µE = the excess chemical potentials of the solute gas in the two phases.

Comparison to Raoult's law

Henry's law is a limiting law that only applies for 'sufficiently dilute' solutions. The range of concentrations in which it applies becomes narrower the more the system diverges from ideal behavior. Roughly speaking, that is the more chemically 'different' the solute is from the solvent.

For a dilute solution, the concentration of the solute is approximately proportional to its mole fraction x, and Henry's law can be written as:

p = K_{\rm H}\,x

This can be compared with Raoult's law:

p = p^\star\,x

where p* is the vapor pressure of the pure component.

At first sight, Raoult's law appears to be a special case of Henry's law where KH = p*. This is true for pairs of closely related substances, such as benzene and toluene, which obey Raoult's law over the entire composition range: such mixtures are called "ideal mixtures".

The general case is that both laws are limit laws, and they apply at opposite ends of the composition range. The vapor pressure of the component in large excess, such as the solvent for a dilute solution, is proportional to its mole fraction, and the constant of proportionality is the vapor pressure of the pure substance (Raoult's law). The vapor pressure of the solute is also proportional to the solute's mole fraction, but the constant of proportionality is different and must be determined experimentally (Henry's law). In mathematical terms:

Raoult's law: \lim_{x\to 1}\left( \frac{p}{x}\right) = p^\star
Henry's law: \lim_{x\to 0}\left( \frac{p}{x}\right) = K_{\rm H}

Raoult's law can also be related to non-gas solutes.

Standard chemical potential

Henry's law has been shown to apply to a wide range of solutes in the limit of "infinite dilution" (x→0), including non-volatile substances such as sucrose. In these cases, it is necessary to state the law in terms of chemical potentials. For a solute in an ideal dilute solution, the chemical potential depends on the concentration:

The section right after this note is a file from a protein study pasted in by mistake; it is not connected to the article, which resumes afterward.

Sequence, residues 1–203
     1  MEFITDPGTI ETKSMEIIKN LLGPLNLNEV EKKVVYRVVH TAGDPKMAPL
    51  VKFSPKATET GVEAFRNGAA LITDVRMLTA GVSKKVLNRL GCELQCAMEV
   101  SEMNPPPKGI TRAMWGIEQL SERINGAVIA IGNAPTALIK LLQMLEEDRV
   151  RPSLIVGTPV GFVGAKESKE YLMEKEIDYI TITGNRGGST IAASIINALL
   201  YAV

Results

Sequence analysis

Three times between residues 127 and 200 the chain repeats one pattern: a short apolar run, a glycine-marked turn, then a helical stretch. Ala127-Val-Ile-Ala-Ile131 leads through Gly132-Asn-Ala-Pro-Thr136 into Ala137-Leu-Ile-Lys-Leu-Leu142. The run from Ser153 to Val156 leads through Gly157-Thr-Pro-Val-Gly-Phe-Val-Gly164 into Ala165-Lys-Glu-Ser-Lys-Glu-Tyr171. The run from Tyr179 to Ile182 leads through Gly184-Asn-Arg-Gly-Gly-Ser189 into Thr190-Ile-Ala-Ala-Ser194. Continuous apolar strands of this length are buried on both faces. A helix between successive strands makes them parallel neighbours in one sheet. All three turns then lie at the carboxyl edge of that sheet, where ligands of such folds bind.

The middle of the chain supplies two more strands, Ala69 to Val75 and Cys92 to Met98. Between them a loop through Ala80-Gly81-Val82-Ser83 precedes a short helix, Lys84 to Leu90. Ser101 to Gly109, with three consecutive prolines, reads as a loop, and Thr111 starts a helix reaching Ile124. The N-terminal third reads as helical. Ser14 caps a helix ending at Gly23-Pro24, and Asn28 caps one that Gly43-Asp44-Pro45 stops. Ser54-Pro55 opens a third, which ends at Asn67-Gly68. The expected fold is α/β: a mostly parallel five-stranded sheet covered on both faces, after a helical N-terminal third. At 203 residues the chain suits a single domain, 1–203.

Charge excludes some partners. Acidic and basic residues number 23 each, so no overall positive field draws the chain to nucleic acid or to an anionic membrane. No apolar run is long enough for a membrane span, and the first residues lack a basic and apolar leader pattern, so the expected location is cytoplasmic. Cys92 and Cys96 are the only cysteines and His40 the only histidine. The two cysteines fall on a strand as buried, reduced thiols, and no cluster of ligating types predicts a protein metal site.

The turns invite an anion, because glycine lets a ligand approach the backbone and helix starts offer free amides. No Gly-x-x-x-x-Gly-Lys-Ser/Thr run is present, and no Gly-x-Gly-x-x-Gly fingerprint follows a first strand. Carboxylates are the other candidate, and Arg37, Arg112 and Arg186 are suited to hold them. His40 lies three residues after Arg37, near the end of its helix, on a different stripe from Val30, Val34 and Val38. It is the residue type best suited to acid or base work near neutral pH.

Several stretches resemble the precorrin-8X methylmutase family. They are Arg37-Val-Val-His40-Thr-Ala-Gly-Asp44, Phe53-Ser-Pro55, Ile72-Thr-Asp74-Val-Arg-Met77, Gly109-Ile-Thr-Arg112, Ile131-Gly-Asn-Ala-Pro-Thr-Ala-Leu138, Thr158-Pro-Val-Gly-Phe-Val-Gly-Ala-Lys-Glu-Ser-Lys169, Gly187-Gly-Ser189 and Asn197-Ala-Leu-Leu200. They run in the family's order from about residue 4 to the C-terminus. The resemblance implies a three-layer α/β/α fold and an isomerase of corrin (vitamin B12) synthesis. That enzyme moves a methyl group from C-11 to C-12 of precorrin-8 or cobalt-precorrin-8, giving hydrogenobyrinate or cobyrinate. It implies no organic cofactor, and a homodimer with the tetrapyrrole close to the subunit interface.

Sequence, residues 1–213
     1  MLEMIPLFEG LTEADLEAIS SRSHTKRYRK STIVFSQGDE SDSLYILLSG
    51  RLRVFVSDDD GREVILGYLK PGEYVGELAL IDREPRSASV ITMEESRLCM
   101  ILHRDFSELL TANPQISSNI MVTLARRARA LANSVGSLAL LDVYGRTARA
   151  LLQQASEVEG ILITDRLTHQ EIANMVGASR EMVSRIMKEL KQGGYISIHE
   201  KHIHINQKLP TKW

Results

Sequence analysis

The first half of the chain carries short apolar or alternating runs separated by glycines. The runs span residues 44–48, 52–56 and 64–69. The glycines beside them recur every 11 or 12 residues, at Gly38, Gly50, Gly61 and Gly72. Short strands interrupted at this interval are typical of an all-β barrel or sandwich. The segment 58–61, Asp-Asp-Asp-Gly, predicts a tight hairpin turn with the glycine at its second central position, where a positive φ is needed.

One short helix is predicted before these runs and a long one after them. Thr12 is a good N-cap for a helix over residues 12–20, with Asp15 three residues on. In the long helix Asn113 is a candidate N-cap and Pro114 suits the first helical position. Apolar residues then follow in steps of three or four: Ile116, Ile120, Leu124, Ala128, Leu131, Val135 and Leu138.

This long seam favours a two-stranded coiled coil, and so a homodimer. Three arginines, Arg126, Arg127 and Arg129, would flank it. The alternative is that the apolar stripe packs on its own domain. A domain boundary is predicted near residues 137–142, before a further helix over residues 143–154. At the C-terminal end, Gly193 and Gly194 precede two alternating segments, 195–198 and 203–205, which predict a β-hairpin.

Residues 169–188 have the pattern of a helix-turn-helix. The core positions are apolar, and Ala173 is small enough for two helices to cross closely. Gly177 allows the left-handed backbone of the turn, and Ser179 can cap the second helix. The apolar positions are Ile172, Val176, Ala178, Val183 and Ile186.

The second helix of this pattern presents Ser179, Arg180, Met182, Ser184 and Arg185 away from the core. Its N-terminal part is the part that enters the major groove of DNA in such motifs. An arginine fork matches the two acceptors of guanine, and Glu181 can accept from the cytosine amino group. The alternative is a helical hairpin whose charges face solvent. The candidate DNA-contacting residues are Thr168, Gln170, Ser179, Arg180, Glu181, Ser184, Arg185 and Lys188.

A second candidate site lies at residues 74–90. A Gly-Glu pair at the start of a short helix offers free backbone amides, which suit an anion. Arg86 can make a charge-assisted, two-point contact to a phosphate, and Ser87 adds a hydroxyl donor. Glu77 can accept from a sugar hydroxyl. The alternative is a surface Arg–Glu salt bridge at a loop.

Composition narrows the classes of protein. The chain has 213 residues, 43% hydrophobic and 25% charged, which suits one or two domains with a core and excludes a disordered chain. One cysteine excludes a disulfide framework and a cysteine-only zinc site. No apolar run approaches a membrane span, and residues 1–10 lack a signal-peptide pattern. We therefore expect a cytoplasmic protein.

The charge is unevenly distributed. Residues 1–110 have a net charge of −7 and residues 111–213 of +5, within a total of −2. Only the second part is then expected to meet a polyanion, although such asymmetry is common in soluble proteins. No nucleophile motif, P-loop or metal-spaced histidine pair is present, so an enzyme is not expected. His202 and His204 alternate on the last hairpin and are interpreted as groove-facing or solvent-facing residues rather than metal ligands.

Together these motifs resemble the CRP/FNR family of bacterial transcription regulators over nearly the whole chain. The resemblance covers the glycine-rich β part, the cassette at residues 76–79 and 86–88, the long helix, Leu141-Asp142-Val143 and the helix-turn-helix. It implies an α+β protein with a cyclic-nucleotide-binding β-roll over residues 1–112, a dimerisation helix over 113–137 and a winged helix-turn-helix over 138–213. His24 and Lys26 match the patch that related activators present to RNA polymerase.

\mu = \mu_c^\ominus + RT\ln{\left( \frac{\gamma_c c}{c^\ominus}\right)}\,, where \gamma_c = \frac{K_{{\rm H,}c}}{p^\star} for a volatile solute; co = 1 mol/L.

For non-ideal solutions, the activity coefficient γc depends on the concentration and must be determined at the concentration of interest. The activity coefficient can also be obtained for non-volatile solutes, where the vapor pressure of the pure substance is negligible, by using the Gibbs-Duhem relation:

\sum_i n_i\, {\rm d}\mu_i = 0

By measuring the change in vapor pressure (and hence chemical potential) of the solvent, the chemical potential of the solute can be deduced.

The standard state for a dilute solution is also defined in terms of infinite-dilution behavior. Although the standard concentration co is taken to be 1 mol/l by convention, the standard state is a hypothetical solution of 1 mol/l in which the solute has its limiting infinite-dilution properties. This has the effect that all non-ideal behavior is described by the activity coefficient: the activity coefficient at 1 mol/l is not necessarily unity (and is frequently quite different from unity).

All the relations above can also be expressed in terms of molalities b rather than concentrations, e.g.:

\mu = \mu_b^\ominus + RT\ln{\left( \frac{\gamma_b b}{b^\ominus}\right)}\,, where \gamma_b = \frac{K_{{\rm H,}b}}{p^\star} for a volatile solute; bo = 1 mol/kg.

The standard chemical potential μmo, the activity coefficient γm and the Henry's law constant KH,b all have different numerical values when molalities are used in place of concentrations.

See also


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  3. 3.0 3.1 Sander, R. (1999). "Modeling atmospheric chemistry: Interactions between gas-phase species and liquid cloud/aerosol particles". Surv. Geophys. 20: 1–31.<templatestyles src="Module:Citation/CS1/styles.css"></templatestyles>
  4. 4.0 4.1 4.2 Sazonov, V. P.; Shaw, D. G. (2006). "Introduction to the solubility data series".<templatestyles src="Module:Citation/CS1/styles.css"></templatestyles>
  5. Battino, R.; Rettich, T. R.; Tominaga, T. (1984). "The solubility of nitrogen and air in liquids". J. Phys. Chem. Ref. Data. 13: 563–600.<templatestyles src="Module:Citation/CS1/styles.css"></templatestyles>
  6. Lua error in Module:Citation/CS1/Identifiers at line 47: attempt to index field 'wikibase' (a nil value).
  7. Cohen, P., ed. (1989). The ASME Handbook on Water Technology for Thermal Power Systems. The American Society of Mechanical Engineers. p. 442. ISBN 978-0-7918-0634-0.<templatestyles src="Module:Citation/CS1/styles.css"></templatestyles>